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Cited as representing ‘the artistic face of Britain’, The Singh Twins are internationally renowned, contemporary, artists whose award winning work explores important issues of social political and cultural debate and re-defines narrow Eurocentric perceptions of art, heritage and identity. The Twins collaborate on their art, describing their creative practice as ‘Past-Modern’ as opposed to ‘Post Modern’. Their highly decorative, narrative and symbolic work, has been recognised as pioneering a modern revival of Indian miniature painting within contemporary art practice. But their distinctive style is much more eclectic. In addition to the Indian miniature tradition of painting, they also draw on the artistic language and conventions of other traditions, east and west, old and new - including ancient Greek and Roman, Persian and Medieval European manuscripts, the Victorian illustrators and Pre-Raphaelites, Art Nouveau, and photography. 

Although more widely known for their paintings, the Twins are published illustrators, writers, filmmakers and designers. Their films, titled 'Nineteen Eighty-Four and the Via Dolorosa Project' (a short documentary about one of their most famous political works depicting the Storming of the Golden Temple in 1984) and 'The Making of Liverpool' (an animation film) have both won awards. Beyond this, their ongoing interest to push the boundaries of their creative practice has led to them, in more recent years, to develop new work using digital technologies - as well as collaborate with top Indian Fashion Designer, Tarun Tahiliani, whose 2015 Spring Summer Collection was inspired by their artwork. This collaboration has inspired them to explore developing a Singh Twins, high end, fashion accessories and home decor label.

The Singh Twins have received much recognition for their work.  Most notably, they were made Honorary Citizens of their home city of Liverpool and in 2009;  received an MBE from the Queen for ‘Services to the Indian  miniature tradition of painting within Contemporary Art’ in 2011; were awarded Honorary Doctorates by the University of Chester for their ‘outstanding contribution to British art’ in 2015 and were recipients of the UK Asian Achievers Awards for Media, Arts and Culture 2016.

Attracting International media attention, Radio and Television appearances include interviews for the BBC’s Womens’ Hour, Mid Week, Front Row and Belief; CBC’s Here And Now, the Granada TV documentary Singh Out Sisters and Simon Schama's BBC art series 'The Face of Britain'. An independently commissioned Arts Council film about their work, ‘Alone Together’, received 'The Best Film on Art' prize at the 2001 Asolo International Film Festival.  In 2002, when they were appointed official Artists in Residence to the Manchester Commonwealth Games one of the works they produced in response to the event gained international publicity and was featured as a question on the popular TV quiz show Who Wants to Be A Millionaire?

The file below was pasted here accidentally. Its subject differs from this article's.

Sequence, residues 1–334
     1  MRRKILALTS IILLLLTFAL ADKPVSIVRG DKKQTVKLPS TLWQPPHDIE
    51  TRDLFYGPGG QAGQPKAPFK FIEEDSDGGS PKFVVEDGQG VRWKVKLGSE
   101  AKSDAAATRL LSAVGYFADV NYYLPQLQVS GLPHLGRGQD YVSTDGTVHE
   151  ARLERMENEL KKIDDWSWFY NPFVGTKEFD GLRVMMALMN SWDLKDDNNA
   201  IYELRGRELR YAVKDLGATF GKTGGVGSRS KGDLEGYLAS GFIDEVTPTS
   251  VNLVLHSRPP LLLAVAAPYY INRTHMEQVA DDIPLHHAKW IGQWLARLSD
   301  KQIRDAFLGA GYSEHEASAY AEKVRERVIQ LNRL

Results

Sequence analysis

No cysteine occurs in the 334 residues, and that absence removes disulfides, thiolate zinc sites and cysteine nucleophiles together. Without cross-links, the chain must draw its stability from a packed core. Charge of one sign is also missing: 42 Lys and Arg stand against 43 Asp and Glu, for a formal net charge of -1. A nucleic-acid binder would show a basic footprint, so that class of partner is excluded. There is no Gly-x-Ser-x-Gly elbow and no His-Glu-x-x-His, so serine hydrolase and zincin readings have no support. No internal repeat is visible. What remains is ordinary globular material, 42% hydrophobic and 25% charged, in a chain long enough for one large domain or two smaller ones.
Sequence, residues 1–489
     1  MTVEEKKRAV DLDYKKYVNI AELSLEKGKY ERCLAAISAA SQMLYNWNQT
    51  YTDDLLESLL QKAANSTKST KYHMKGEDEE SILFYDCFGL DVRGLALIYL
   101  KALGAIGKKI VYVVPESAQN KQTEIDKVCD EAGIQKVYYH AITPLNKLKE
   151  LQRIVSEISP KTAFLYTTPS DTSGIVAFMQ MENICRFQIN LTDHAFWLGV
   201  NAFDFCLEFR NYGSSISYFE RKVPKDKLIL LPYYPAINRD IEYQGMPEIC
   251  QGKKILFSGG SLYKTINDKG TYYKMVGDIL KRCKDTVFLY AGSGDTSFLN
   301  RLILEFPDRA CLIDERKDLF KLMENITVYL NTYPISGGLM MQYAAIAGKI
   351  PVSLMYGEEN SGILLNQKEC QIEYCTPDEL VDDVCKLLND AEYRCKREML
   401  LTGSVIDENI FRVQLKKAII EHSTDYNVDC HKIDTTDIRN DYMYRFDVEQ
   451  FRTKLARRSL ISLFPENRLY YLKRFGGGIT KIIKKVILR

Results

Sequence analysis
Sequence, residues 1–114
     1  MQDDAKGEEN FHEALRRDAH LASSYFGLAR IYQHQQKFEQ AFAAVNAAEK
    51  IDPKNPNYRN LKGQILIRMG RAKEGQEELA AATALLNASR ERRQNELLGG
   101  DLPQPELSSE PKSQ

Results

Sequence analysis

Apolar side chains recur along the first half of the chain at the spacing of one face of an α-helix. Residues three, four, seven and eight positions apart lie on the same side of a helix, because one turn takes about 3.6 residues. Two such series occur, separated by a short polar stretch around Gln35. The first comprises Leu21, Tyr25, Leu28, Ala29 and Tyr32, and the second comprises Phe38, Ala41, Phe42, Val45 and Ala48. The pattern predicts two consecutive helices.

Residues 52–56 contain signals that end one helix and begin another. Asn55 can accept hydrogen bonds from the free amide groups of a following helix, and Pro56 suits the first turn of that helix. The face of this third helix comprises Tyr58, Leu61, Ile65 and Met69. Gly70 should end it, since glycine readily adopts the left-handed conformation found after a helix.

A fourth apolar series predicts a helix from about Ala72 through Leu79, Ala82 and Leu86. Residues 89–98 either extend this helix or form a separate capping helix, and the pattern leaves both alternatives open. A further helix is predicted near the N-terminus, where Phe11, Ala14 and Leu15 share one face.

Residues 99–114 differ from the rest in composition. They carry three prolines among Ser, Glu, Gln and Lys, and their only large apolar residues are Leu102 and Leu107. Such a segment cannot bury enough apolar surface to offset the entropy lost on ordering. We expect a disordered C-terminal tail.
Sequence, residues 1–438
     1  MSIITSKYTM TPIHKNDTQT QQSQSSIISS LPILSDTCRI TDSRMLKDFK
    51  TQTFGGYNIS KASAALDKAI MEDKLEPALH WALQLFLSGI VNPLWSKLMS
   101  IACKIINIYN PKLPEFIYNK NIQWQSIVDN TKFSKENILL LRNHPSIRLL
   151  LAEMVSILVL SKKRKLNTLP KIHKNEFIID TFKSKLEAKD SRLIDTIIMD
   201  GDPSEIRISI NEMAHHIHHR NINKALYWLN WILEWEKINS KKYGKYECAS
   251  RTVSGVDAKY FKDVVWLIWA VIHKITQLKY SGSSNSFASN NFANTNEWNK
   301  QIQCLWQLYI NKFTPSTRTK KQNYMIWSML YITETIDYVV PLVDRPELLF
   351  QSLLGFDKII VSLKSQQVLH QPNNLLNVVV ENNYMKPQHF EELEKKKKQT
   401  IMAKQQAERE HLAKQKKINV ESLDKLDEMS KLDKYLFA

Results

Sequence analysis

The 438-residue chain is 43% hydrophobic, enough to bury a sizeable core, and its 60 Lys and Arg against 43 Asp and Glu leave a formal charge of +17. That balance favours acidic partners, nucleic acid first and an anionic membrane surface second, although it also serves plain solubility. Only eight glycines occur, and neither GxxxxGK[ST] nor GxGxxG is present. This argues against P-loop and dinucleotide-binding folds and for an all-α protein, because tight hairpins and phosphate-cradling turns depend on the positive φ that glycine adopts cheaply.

Exhibitions include solo shows hosted by London’s National Portrait Gallery, Liverpool’s Walker Art Gallery, National Museums Scotland and the National Gallery of Modern Art, Mumbai and National Gallery of Modern Art, Delhi when, in 2002, they were the only British artist (besides Henry Moore) to have been offered a solo show at this, one of India’s foremost venues for Contemporary Art . In 2016 The Singh Twins exhibited by special invitation at the Royal Academy Summer Exhibition and their public commission for the Museum of London which offers their personal response to two famous Victorian paintings on the theme of the ‘Indian Mutiny’ or First War of Indian Independence’, was selected for Tate Britain’s ‘Artist and Empire’ touring exhibition.

The Singh Twins art is in private and public collections worldwide. Amongst some of their most well known public commissions are two works celebrating Liverpool’s 800th birthday and status as European Capital of Culture in 2008;  A symbolic portrait of Maharaja Duleep Singh - deposed Ruler of the Sikh Kingdom of Punjab and first resident Sikh in the UK - created for the National Museums Scotland and 'EnTWINed', commissioned by the Museum of London.

Their latest exhibtion  'Slaves of Fashion:New Works by The Singh Twins - which explores the impact of India’s textile industry on global history, politics, society and culture and its modern day relevance -  is being hosted by National Museums Liverpool's Walker Art Gallery. Launched on Jan 19th 2018, the exhibition runs until May 20th 2018 before touring to Wolverhampton Art Gallery and other venues.